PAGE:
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This Week: Must-See Arts in the City : Slideshow

WNYC's Arts Datebook: April 4 - 10, 2012

Wednesday, April 04, 2012

At the Met, a collection of drawings from Central Europe, from 1400-1700, goes on view. This tender illustration of a hedgehog by Hans Hoffman (from before 1584) will be part of the show.
The Metropolitan Museum of Art
At the Met, a collection of drawings from Central Europe, from 1400-1700, goes on view. This tender illustration of a hedgehog by Hans Hoffman (from before 1584) will be part of the show.
The Metropolitan Museum of Art
Also part of the drawings show are pieces by artists from present-day Germany, Switzerland and Austria. A 17th-century landscape by Isaak Major, in pen and blue ink, is shown above.
One of the highlights of the Met show will be this iconic self-portrait by Albrecht Dürer from 1493, part of a series of studies that the artist did of himself, his hand and his pillow.
Courtesy of the Lost & Found Project and the Aperture Foundation
The Aperture Foundation in Chelsea is showing found photographs rescued from the ruins of Japanese towns after the tsunami. Together, these pay ghostly tribute to the victims of the disaster.
Courtesy of the Lost & Found Project and the Aperture Foundation
The images in the Aperture show were collected by rescue and other official personnel and displayed in schools and other local centers in Japan, serving as an impromptu memorial.
Courtesy of the artists and Soloway Gallery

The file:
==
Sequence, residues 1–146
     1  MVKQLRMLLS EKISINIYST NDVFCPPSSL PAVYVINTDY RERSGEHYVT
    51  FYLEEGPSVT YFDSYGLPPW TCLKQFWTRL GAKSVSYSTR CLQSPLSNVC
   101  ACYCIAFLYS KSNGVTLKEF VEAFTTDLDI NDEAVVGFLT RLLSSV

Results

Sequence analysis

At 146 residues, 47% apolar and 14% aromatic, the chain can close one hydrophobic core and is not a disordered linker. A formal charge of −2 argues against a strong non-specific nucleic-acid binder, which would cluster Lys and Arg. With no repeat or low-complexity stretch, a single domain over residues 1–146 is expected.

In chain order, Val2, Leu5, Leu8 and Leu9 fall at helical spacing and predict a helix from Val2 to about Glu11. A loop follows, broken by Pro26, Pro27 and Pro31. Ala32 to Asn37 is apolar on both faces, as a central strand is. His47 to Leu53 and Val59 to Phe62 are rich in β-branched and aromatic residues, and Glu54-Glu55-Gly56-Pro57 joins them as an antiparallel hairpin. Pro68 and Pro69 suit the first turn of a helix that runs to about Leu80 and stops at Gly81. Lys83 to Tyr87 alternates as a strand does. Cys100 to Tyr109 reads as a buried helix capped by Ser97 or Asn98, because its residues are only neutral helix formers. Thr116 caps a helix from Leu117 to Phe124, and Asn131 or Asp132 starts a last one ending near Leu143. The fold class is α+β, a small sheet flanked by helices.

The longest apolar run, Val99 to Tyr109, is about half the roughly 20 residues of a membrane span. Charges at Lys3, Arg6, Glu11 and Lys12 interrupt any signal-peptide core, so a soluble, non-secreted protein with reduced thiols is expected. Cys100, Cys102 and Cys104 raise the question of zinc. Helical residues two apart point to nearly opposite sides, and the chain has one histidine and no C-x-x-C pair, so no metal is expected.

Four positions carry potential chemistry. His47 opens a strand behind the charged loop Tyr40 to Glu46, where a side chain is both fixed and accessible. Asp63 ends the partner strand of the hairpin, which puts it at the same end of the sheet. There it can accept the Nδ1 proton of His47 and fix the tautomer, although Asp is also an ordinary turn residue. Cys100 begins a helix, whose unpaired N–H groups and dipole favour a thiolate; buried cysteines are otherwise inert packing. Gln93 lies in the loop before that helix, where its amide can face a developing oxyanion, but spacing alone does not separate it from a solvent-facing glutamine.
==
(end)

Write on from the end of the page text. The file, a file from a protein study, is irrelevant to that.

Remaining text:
Soloway Gallery in Brooklyn is showing works by 2-UP, a group known for doing collaborative posters with other artists. Shown here: a view of the poster printing plates.
Courtesy of the artists and Soloway Gallery
The show at Soloway will consist of individual artist works -- such as this installation by Colleen Asper and Zerek Kempf -- as well as a collaborative newspaper produced by 2-UP.
Courtesy of the artists and Soloway Gallery
2-UP's newspaper, which will be given away for free, will disassemble into seven different posters. The gallery's window, with a stack of papers, is seen above.
Whitney Browne for No Longer Empty
In the Bronx: the Andrew Freedman Home was once intended to house upper-class elderly. It will now (temporarily, at least) contain art. Cheryl Pope's 'THEN and THERE,' is seen here.
Whitney Browne for No Longer Empty
The show at Andrew Freedman represents a unique opportunity to explore a building with an unusual history. Here, Scherezade Garcia's 'The Formerly Rich' occupies the ceiling.
Whitney Browne for No Longer Empty
The exhibit at Andrew Freedman is produced by the non-profit arts organization No Longer Empty. 'Spazio #5' by Gian Maria Tosatti, above, will contain a floor made from glass.
The exerior of the palatial Andrew Freedman Home.
Jim.henderson/Wikipedia Commons
The exerior of the palatial Andrew Freedman Home.

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